Game Warden pilot hospitalized after crashing plane into Lady Bird Lake

A small single-engine plane crashed in Lady Bird Lake Thursday afternoon, says ATCEMS.

EMS received a call about the plane in the lake west of the I-35 bridge in the area of I-35 and East Avenue around 2 p.m. Thursday.

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  (Linda Osborne)

Texas Parks and Wildlife (TPWD) says one of their Game Warden pilots was the person controlling this aircraft, and he was the only occupant on board. The pilot was performing a test flight after the aircraft received routine maintenance. He reported having mechanical issues before crashing into the water.

The pilot was reportedly rescued from his aircraft by two bystanders paddleboarding in the area. One of those bystanders was Nicholas Compton, an employee of Austin Paddle Shack, a kayak and paddleboard rental company located just feet away from where the crash occurred.

Compton says he heard the plane crash and used his paddleboard to go check out the scene. Compton says there was another bystander that helped him rescue the pilot.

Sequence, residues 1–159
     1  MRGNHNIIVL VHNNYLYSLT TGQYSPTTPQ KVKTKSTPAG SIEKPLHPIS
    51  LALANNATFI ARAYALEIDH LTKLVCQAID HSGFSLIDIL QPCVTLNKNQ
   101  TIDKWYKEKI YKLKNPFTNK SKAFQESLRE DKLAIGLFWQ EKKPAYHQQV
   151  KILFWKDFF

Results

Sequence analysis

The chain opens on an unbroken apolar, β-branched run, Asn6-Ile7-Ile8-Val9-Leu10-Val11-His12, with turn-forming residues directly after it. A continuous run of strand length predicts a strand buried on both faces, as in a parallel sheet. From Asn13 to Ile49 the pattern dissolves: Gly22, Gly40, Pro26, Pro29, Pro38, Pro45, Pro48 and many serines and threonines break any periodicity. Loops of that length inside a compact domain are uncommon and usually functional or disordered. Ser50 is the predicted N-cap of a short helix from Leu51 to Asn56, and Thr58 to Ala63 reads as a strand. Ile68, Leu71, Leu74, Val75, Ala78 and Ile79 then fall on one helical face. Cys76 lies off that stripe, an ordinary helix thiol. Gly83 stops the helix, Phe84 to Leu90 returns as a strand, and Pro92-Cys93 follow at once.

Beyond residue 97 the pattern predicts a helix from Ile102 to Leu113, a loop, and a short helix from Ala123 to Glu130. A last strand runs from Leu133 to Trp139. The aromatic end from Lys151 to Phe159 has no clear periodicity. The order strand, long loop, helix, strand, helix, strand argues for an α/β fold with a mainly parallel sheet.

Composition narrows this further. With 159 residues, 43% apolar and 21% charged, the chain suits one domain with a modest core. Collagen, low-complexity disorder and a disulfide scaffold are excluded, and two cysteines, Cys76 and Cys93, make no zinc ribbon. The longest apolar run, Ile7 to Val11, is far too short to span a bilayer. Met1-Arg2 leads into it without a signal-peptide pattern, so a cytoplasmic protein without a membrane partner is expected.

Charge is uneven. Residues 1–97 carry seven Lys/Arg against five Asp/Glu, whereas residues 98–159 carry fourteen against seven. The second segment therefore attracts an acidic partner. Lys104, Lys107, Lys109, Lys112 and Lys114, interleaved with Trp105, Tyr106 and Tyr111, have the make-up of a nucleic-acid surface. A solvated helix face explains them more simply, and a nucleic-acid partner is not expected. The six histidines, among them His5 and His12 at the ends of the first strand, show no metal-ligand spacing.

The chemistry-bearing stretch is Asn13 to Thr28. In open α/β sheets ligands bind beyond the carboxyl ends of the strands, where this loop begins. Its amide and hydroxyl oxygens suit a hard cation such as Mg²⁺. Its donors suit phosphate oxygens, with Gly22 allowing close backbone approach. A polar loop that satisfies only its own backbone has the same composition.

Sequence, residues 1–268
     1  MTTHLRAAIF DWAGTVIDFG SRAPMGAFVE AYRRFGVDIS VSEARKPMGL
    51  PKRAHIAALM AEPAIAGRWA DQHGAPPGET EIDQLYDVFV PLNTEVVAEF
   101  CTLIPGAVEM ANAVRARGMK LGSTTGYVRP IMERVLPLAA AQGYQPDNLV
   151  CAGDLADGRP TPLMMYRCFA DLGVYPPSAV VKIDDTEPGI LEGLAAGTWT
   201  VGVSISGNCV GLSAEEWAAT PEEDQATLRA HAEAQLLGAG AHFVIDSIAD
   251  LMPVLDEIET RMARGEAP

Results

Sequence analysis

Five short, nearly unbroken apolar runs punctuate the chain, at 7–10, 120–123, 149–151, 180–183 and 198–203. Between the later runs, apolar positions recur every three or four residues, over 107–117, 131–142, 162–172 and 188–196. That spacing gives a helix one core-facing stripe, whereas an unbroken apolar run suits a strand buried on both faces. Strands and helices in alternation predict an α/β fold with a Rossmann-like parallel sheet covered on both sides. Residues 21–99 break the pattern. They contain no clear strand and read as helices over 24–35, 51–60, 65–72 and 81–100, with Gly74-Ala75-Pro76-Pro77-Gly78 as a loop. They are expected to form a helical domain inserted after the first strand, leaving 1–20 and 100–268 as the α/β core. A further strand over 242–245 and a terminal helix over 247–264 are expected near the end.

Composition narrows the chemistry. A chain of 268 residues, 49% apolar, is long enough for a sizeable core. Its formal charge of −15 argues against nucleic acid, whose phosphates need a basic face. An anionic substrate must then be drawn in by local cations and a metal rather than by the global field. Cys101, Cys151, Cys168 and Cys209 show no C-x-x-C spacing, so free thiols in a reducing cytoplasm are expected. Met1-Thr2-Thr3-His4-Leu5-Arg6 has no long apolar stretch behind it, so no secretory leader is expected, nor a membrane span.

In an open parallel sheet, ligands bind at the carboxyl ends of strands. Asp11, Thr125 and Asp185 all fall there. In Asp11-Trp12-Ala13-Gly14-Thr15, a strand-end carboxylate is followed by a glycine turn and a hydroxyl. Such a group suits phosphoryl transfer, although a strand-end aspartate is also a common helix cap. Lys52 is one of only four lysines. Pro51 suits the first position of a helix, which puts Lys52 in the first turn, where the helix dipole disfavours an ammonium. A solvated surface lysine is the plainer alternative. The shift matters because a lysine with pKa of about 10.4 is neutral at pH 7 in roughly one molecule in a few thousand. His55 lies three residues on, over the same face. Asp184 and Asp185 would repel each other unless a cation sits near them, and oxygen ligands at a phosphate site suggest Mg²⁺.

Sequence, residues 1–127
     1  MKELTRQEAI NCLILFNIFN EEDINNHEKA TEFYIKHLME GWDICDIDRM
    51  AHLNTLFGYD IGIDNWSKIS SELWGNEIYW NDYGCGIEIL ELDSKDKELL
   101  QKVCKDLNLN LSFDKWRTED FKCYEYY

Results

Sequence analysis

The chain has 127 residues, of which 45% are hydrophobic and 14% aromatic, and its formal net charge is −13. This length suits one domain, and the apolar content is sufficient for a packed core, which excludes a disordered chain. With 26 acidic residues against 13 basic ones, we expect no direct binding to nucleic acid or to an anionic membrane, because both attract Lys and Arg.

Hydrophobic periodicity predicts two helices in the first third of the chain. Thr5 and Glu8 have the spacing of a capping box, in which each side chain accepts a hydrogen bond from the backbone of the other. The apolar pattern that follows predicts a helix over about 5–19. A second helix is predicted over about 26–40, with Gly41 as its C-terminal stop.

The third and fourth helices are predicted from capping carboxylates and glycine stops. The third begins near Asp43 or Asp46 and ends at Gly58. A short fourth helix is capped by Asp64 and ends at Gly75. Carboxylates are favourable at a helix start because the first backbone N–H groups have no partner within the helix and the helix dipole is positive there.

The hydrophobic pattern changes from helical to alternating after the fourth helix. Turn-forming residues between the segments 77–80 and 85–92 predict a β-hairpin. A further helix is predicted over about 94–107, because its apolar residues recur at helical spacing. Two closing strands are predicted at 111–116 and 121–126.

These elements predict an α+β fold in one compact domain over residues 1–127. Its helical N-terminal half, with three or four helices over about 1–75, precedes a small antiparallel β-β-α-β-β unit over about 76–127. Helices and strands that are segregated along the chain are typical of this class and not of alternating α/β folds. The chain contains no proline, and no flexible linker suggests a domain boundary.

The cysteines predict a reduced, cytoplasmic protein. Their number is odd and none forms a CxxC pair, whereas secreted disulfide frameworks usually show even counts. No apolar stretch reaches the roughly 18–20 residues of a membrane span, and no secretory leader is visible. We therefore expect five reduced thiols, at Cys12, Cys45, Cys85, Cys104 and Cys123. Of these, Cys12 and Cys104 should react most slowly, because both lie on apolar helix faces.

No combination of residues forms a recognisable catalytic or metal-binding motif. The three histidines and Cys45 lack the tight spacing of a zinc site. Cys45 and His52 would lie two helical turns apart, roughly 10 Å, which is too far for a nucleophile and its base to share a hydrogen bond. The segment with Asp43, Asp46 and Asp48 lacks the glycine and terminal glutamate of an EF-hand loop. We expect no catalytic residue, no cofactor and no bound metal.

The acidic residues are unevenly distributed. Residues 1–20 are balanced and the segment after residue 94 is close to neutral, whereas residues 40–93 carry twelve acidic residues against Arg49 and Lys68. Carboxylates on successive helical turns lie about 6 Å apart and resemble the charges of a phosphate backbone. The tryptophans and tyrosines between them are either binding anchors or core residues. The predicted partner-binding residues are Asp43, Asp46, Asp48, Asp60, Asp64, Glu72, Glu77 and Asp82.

"About 80 yards from the paddleshack I saw the plane," Compton said. "There was a lady out there, [the pilot] was hanging on to her paddleboard and then so I immediately put the life jacket on him. He was pretty incoherent, I think there was smoke inhalation going on from the plane."

Compton says the pilot was able to hang onto his and the other bystander's paddleboards as they paddled him to shore before a paramedic was able to help. 

The pilot was transported to Dell Seton Medical Center with potentially serious injuries, ATCEMS says.

TPWD says the pilot has since been released from the hospital and did not sustain any major injuries. The department was able to remove the plane from the water.

The Federal Aviation Administration and National Transportation Safety Board (NTSB) are conducting an investigation into the plane crash. TPWD says they cannot provide any further information until the investigation has concluded. 

The NTSB says a preliminary report is expected to be published in 15 days, but full investigations currently take between 12-24 months to complete.